Princeton University Private NJ 5,314 21
Barnard College Private NY 2,578 18
Colgate University Private NY 2,980 13
Columbia University in the City of New York Private NY 7,728 18
Cornell University Private NY 15,043 16
Skidmore College Private NY 2,609 17
Union College Private NY 2,167 13
Vassar College Private NY 2,415 19
Davidson College Private NC 1,837 15
Duke University Private NC 6,583 12
University of North Carolina at Chapel Hill Public NC 18,579 22
Wake Forest University Private NC 5,234 9
Case Western Reserve University Private OH 5,222 13
Denison University Private OH 2,270 21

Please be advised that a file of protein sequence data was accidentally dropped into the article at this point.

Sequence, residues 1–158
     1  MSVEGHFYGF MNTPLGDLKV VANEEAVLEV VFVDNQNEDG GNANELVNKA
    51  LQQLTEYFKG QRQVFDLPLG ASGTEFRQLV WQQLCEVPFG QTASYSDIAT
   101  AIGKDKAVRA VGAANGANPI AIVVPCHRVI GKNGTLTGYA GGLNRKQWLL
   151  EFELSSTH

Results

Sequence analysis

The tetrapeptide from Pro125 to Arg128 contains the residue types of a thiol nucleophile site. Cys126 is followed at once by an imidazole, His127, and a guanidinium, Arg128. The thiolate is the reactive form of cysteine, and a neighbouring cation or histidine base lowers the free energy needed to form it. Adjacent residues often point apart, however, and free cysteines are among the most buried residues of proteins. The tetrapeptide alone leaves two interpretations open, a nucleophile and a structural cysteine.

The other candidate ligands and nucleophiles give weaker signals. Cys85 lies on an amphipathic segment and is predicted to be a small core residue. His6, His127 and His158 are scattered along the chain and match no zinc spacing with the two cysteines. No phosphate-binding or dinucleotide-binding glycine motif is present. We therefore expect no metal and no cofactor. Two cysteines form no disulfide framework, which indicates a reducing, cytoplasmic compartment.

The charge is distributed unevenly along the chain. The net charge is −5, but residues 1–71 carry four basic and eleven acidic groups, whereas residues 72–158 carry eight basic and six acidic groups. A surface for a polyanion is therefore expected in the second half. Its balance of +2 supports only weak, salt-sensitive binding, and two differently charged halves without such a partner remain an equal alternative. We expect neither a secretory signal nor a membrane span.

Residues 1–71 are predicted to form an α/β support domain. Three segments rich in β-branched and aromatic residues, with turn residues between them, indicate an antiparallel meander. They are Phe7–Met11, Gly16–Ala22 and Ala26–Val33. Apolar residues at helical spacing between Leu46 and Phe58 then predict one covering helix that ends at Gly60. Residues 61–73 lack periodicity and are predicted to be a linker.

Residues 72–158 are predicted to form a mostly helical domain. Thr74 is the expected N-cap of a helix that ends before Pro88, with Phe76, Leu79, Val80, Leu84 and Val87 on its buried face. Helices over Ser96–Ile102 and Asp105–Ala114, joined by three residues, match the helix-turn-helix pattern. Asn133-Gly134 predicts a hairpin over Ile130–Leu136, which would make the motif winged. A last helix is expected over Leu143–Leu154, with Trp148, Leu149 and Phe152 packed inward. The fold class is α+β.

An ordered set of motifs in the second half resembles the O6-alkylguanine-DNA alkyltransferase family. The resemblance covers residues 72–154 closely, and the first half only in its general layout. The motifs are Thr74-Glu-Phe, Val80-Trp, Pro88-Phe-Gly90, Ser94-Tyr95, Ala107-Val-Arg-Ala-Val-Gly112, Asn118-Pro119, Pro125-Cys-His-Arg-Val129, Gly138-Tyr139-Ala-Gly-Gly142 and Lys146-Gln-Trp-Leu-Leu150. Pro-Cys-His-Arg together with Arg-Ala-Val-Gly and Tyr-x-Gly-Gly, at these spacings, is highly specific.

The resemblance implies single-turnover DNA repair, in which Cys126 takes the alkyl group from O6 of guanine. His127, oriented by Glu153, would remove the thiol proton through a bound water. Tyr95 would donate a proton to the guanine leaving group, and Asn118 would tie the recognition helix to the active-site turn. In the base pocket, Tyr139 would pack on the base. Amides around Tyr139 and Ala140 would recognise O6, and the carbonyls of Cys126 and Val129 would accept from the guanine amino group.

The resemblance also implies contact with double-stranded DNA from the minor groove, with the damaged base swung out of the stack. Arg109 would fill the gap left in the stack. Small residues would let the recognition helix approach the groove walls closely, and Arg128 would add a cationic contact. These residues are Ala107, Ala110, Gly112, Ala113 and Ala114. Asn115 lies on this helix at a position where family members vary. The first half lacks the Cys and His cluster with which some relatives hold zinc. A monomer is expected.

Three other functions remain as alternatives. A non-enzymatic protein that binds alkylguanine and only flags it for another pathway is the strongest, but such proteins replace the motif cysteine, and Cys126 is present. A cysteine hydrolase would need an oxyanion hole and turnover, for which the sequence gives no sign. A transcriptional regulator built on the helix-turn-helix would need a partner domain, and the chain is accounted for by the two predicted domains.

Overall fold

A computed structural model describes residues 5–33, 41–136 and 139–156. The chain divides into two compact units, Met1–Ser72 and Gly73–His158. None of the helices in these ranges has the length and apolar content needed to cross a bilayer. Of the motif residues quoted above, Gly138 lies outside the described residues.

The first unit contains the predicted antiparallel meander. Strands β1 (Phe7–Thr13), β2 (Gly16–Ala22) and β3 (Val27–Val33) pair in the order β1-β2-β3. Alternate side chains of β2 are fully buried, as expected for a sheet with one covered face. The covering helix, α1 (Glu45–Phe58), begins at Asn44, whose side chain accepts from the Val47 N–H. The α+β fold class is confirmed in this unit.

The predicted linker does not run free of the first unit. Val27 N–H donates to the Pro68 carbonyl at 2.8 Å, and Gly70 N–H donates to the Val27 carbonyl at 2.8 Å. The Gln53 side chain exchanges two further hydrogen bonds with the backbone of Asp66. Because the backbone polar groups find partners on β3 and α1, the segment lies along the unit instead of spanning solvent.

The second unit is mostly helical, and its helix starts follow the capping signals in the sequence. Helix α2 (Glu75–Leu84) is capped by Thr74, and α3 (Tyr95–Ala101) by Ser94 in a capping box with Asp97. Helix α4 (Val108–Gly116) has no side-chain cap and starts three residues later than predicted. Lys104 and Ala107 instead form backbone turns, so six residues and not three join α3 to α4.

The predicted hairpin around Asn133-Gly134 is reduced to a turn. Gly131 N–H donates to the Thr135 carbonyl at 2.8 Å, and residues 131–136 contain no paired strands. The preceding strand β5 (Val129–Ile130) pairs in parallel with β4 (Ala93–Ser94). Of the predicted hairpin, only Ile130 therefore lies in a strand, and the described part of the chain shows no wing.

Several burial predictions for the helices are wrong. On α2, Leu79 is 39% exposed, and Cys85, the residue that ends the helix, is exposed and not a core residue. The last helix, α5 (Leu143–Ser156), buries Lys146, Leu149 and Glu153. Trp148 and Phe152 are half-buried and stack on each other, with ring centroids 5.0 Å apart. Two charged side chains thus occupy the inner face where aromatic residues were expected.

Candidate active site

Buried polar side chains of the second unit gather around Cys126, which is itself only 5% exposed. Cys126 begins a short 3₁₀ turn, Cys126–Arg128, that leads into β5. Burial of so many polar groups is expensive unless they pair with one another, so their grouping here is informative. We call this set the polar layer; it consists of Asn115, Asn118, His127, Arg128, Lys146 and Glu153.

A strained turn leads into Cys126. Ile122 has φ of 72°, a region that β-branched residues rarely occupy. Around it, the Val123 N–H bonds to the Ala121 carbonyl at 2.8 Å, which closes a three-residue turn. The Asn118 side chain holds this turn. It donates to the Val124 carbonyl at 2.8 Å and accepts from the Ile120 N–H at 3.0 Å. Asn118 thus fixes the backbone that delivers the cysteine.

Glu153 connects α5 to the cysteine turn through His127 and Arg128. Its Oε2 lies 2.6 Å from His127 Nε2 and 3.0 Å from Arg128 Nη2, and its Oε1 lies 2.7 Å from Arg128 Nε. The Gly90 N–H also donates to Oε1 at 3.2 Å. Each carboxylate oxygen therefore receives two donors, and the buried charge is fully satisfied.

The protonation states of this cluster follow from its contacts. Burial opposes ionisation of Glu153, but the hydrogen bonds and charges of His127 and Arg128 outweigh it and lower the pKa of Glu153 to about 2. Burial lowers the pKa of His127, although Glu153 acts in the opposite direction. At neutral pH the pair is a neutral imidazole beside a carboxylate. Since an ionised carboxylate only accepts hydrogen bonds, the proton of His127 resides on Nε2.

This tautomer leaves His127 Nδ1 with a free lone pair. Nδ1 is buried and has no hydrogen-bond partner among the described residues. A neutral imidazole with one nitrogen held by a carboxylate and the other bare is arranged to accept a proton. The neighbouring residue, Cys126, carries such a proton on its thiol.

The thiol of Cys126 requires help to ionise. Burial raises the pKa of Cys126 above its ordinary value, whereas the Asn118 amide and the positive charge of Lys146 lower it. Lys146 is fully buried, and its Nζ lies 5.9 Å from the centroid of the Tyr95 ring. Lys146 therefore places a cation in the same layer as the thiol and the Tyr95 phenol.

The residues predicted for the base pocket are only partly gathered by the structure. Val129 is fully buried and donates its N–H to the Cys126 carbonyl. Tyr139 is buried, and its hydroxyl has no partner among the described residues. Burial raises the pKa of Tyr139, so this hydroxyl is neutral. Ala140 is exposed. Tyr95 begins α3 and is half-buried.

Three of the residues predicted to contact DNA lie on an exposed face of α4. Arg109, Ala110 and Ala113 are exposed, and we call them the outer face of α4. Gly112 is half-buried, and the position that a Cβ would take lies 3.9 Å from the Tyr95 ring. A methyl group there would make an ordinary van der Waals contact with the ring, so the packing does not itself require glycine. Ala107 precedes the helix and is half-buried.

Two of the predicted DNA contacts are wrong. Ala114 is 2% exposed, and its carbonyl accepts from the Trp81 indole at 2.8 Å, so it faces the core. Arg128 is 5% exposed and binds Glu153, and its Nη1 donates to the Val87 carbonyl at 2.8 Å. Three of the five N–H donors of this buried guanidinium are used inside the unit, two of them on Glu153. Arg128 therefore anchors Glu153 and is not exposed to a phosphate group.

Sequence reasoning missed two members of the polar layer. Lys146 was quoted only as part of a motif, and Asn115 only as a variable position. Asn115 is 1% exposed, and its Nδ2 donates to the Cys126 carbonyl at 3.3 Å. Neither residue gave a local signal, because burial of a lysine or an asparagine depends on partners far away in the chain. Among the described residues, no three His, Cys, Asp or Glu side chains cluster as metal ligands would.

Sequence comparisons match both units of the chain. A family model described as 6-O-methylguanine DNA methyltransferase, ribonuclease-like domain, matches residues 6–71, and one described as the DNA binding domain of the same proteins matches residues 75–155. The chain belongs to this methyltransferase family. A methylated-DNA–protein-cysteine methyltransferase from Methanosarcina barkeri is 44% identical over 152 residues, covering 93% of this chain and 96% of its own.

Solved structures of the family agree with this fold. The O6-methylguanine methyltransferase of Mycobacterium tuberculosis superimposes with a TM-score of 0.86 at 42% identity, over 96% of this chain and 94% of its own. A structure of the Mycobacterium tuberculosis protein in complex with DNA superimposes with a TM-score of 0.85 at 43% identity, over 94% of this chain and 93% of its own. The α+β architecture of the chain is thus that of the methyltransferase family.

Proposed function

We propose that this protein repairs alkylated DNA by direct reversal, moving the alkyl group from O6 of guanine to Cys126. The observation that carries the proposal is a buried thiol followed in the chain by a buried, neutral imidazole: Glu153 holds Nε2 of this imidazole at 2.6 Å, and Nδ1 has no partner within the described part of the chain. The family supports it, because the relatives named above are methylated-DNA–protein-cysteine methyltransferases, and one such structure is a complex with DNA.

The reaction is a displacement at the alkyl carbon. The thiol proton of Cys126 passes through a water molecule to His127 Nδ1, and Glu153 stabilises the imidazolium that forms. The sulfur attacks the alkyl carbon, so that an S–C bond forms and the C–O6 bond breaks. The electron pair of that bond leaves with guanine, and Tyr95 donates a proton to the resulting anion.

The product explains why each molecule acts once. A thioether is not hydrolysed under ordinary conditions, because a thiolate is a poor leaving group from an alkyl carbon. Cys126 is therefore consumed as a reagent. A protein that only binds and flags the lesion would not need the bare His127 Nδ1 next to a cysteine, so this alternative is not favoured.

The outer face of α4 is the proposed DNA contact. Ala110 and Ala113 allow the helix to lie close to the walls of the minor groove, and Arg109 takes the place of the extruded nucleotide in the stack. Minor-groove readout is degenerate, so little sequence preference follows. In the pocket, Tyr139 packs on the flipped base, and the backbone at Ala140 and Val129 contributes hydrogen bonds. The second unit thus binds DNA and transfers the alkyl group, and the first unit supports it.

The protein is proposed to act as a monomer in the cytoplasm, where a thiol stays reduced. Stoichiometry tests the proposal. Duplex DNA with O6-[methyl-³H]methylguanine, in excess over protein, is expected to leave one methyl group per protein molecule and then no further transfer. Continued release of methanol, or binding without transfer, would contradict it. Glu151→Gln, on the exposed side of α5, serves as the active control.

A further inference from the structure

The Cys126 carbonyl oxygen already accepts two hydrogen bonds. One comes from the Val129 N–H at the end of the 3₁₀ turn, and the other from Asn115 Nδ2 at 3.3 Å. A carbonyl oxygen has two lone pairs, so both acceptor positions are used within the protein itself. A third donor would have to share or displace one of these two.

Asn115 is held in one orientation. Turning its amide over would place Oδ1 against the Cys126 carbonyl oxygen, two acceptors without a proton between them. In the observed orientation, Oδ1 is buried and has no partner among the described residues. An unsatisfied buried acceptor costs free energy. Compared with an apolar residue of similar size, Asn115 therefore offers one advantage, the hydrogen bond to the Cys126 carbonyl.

Kenyon College Private OH 1,733 10
Marietta College Private OH 1,061 31
Oberlin College Private OH 2,818 8
Reed College Private OR 1,413 12
Bryn Mawr College Private PA 1,375 15
Franklin and Marshall College Private PA 2,315 18
Haverford College Private PA 1,317 16
Lafayette College Private PA 2,635 10
Swarthmore College Private PA 1,594 22
University of Pennsylvania Private PA 10,447 13
Brown University Private RI 6,802 14
Vanderbilt University Private TN 6,817 15
Rice University Private TX 3,949 17
Texas Southern University Public TX 6,028 80
Middlebury College Private VT 2,554 17
University of Richmond Private VA 3,010 16
University of Virginia Public VA 16,330 13
Washington and Lee University Private VA 1,841 14

Colleges that Meet 100% of Financial Need Depending on How You Define Need

19 thoughts on “Colleges that Meet 100% of Financial Need Depending on How You Define Need”

Leave a Comment